As we all know, law schools are reporting misleading statistics (especially regarding employment) in order to convince students to spend hundreds of thousands of dollars obtaining a law degree. This leaves many students with hundreds of thousands of dollars in debt and no job or any other realistic way of paying off the loan. For those that do get a job, they can look forward to a lifetime of crushing debt - for example, if they owe $200K at an average interest rate of 8% (which is pretty realistic for a law school with a $40K/year tuition) then the first $16K/year that they pay goes to only pay interest - if they are in the 28% bracket, that means that the first $22K they earn goes to loans.
That's bad - but it could be even worse. Imagine that the promises were even higher - this misleading statistics even worse - and the debt even more insurmountable. That's the reality for most foreign LLM students.
Law schools seem to have become more aggressive in recruiting foreign LLM students these days. There is certainly an increase in the number of students. The law schools also routinely sell to the foreign students the idea that there will be jobs waiting in America as soon as they get the degree. Some law schools have become aggressive enough to start sending delegations to Asian countries to attempt to recruit students.
One big problem that many LLM students face is that they will be competing with US JD students and unless they can find a very specific job that allows them to leverage their specific skill (like an immigration lawyer serving immigrants from their country), then the LLM student is going to be at a great disadvantage. More specifically, I am not talking about LLM students from English-speaking countries like the UK, Canada, or Australia - they have some disadvantage, but not that much. I am more referring to the increasing number of LLM students from non-English speaking countries like China.
Even more frighteningly, I have begun to encounter more and more LLM students who have a very poor grasp of the English language. For some, they have difficulty even carrying on a conversation. For many, their writing does not make grammatical sense at all. However, these students seem to believe that they will be able to successfully compete with American JDs who are typically much, much better at spoken and written English. They seem to believe that someone will hire them as a lawyer even though they can barely speak or write English. I get the feeling that American law schools are lowering their requirements and seeking to increase their number of foreign LLM students as a profit center for the law school and have sold the foreign LLM students a very unrealistic vision.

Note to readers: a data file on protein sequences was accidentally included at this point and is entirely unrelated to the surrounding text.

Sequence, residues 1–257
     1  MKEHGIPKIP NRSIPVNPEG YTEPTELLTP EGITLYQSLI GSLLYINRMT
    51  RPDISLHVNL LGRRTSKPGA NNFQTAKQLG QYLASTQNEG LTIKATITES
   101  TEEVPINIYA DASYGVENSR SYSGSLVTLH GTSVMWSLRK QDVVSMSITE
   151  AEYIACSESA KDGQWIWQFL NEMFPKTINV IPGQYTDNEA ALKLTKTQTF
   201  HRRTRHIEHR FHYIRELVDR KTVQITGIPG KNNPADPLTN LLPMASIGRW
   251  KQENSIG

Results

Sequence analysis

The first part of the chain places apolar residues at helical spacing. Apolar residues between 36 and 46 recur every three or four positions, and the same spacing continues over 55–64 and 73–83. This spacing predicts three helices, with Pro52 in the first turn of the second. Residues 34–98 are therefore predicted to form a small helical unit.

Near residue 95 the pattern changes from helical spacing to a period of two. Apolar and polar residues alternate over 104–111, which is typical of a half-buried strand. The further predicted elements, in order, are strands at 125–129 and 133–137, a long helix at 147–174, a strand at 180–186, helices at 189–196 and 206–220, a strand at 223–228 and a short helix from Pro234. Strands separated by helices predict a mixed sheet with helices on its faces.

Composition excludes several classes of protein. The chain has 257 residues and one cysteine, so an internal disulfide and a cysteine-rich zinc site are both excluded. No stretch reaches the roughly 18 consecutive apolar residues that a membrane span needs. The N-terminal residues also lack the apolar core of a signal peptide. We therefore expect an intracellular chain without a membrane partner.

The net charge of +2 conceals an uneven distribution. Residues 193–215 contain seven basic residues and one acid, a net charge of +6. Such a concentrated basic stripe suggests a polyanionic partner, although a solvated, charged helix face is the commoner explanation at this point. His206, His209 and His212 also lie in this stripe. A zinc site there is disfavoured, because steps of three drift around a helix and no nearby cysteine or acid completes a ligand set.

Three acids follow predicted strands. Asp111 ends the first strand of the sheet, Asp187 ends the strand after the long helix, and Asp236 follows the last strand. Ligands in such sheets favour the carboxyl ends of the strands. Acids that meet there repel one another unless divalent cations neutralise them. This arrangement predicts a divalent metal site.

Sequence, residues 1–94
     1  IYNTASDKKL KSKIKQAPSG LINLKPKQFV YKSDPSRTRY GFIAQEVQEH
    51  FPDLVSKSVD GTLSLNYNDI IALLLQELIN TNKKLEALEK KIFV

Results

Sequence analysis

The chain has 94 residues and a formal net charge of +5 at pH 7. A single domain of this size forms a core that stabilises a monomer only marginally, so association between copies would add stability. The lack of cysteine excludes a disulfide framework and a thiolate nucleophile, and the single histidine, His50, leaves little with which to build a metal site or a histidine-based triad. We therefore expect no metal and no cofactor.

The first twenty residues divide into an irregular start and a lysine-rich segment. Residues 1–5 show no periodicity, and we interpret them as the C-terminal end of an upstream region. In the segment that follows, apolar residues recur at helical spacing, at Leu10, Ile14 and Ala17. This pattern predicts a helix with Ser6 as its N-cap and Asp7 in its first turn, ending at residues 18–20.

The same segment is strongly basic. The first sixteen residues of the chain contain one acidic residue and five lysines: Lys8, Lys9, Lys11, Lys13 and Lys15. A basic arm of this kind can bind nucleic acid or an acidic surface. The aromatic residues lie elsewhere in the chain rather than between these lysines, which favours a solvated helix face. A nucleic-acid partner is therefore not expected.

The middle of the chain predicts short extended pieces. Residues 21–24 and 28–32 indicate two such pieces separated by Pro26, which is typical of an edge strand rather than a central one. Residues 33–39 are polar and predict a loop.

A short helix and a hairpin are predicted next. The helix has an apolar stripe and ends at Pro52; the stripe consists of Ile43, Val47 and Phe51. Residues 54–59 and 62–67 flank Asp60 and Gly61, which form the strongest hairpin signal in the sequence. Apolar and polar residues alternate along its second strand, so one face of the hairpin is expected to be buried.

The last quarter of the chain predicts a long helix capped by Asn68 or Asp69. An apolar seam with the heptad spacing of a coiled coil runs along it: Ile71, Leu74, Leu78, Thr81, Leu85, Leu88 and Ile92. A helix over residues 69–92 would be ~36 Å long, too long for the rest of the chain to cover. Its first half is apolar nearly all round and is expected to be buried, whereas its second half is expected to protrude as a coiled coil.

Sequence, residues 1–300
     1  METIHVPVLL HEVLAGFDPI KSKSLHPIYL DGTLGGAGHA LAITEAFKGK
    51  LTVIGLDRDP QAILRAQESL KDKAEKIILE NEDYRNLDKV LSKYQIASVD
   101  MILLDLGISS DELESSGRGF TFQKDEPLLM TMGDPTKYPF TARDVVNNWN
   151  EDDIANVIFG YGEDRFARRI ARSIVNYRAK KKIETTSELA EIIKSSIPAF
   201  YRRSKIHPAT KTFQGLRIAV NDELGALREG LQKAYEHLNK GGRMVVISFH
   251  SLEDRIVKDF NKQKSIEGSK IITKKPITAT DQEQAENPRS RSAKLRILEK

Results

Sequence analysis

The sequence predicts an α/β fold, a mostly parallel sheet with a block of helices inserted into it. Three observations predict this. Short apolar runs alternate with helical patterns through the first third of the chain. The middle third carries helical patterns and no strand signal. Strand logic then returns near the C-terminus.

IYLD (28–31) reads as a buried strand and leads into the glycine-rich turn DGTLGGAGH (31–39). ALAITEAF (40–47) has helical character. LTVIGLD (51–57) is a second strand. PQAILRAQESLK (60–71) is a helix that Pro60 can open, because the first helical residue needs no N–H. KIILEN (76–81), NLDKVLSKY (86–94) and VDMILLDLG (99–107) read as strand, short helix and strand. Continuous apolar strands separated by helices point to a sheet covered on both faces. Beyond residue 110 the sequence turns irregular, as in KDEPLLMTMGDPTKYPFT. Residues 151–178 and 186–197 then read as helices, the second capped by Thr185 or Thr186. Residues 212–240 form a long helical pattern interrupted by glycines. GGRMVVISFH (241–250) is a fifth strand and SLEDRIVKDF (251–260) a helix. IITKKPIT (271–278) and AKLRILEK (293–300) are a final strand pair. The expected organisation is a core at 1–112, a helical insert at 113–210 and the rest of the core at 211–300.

Potential LLM students - don't believe them that all you need is to pass the TOEFL (Test of English as a Foreign Language) and you will be fine. Instead, you will be at a great disadvantage to US JDs because clients want their lawyer to be able to speak and write clearly - and law firms only want lawyers who can speak and write English clearly. Seriously. Dump your ego. I know several LLM students who think their English skills are top notch, but they have difficulty speaking and writing. Here's the test - do you speak English as well as the lawyers on TV - ALL THE TIME? If not, then you will be at a disadvantage to US-born JDs who do speak and write that well.
The LLM students are really getting a bum deal because they are not familiar with the principles of "Caveat Emptor" when it comes to law schools - they have been trained to believe and not question statistics given to them by people in power. Consequently, they don't question, they drink the kool-aid, and the law schools get to exploit them.
Now here's the tough part. The overwhelming majority of foreign LLM students are not able to find a job in America and consequently they end up going back to their home country - I would say that the percentage that are unable to obtain a job as a US lawyer is greater than 90%. The down side is that salaries in China (for example) are nowhere near where they are in the US. For example, the average US salary is around $40K, but the average Chinese salary, even in the urban areas, is really only around $10K. Now consider the fact that the law students owe $100K on their loans. At 8%, if they only paid the interest it would pretty much wipe them out. (Most of them would not qualify for lower-cost federal student loans because they are foreign nationals.) It is unlikely that they will ever be able to pay off their loans working in China.
I would like to assert that it is disingenuous of the law schools to be going after foreign LLM students in today's market. It's disingenuous to go after regular JD students based on misleading job statistics, but it is even more disingenuous to go after foreign LLM students (using even more disingenuous statistics) who have an even worse chance of getting a US law firm job.
If you are a potential LLM student (especially one from a non-English speaking country like China) thinking that you might get a job in the US market - here's a word of advice: It's not going to happen. Instead there is a huge mismatch between the number of graduating JDs and the available jobs. Also - guess what - as a foreign LLM, you will get hired LAST by just about all law firms. Getting your LLM in the US at this time is NOT a winning scenario.